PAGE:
Stan Stamper, editor of the local newspaper in Hugo, Oklahoma, misses the boat big time in his editorial today, “Are we losing the education war?” Education isn’t a war and shouldn’t be construed as such, anymore than our struggles to combat terrorism globally or counter illicit drugs should be. Wrong metaphor, and poor policy recommendations here.

This shows what an open door / ripe opportunity we have for those who would seek to shape education reform policy today. I count myself among that number.

Stan’s editorial is on:

For thoughts on why a “war on terror” is a bad idea, see:

For more on drug control policy and war metaphors, see:

For more of my ideas on education reform, see that category of posts here on my blog. I’ll be publishing those aggregated posts soon as an eBook here.

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One Response to Public Education isn’t a war

  1. teach for life says:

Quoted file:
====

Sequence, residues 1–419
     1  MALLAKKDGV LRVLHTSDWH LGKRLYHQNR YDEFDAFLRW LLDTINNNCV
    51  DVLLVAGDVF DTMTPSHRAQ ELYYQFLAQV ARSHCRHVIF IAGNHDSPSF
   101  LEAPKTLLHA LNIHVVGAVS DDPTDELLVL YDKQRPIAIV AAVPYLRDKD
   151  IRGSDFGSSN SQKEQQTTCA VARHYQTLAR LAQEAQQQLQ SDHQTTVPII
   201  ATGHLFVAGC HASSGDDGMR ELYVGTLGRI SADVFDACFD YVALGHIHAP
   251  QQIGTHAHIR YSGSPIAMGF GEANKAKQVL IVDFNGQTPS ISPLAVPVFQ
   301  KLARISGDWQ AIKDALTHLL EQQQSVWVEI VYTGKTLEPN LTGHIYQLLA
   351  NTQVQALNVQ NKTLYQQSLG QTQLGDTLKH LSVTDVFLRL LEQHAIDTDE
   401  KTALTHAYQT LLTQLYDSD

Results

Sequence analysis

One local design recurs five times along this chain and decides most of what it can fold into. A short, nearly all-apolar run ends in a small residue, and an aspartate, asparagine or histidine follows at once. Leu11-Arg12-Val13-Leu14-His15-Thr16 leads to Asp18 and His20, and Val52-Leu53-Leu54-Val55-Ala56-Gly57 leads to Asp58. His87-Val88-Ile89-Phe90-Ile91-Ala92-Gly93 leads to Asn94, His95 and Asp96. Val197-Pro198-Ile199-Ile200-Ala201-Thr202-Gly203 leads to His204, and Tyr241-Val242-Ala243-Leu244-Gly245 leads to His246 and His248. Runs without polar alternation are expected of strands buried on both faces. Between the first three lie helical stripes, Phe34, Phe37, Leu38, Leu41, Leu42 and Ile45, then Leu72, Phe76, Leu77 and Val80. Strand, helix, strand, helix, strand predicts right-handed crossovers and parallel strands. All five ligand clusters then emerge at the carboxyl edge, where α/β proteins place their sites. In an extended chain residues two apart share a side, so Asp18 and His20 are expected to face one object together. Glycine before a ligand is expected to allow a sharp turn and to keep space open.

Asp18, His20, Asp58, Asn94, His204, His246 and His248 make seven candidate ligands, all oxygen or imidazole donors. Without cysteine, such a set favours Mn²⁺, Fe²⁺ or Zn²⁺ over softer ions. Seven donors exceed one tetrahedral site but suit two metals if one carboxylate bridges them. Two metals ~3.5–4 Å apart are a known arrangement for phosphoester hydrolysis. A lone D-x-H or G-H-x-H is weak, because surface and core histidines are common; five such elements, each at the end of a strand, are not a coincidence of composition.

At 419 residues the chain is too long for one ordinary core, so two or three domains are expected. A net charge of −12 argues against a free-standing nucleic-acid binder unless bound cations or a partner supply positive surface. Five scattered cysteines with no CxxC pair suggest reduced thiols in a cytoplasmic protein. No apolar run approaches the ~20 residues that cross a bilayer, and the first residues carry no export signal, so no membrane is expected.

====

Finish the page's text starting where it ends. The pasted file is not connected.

I’m sorry, but there is a war going on. There are stakeholders in education today that want to dismantle public education and are in the process of spinning one of the most racist policies since slavery. Watch at Detroit schools go to 60 kids in a classroom. New Orleans loses most of its public schools and uses inadequate online education and charter education. Private companies and start ups are boundless in their efforts to turn disenfranchised children into the new cash cow. Talk around town is about the best teachers being ones who can teach to the largest groups. Learning should happen through video, School of One. Hmmm… what do we mean here? Mass education for the masses. While the tech ed people look on imagining great opportunities for learning through technology and for the advocates and early adopters, realize that much of what Gates, Broad and the republican governors around the country want is to divest from instruction that provides real opportunities for children and make education for the masses an exclusively online experience with a single narrative established by the state which is run by multinational corporations. If that’s not a war, I don’t know what is.

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